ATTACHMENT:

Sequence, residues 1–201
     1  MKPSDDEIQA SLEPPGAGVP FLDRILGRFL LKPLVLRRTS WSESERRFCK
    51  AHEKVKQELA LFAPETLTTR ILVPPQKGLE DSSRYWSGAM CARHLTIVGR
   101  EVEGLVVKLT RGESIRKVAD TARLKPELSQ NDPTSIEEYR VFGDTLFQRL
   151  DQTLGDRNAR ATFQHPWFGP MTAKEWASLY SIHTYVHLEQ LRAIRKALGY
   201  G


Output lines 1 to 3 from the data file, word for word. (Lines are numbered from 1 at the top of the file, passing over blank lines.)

Sequence, residues 1–201
     1  MKPSDDEIQA SLEPPGAGVP FLDRILGRFL LKPLVLRRTS WSESERRFCK
    51  AHEKVKQELA LFAPETLTTR ILVPPQKGLE DSSRYWSGAM CARHLTIVGR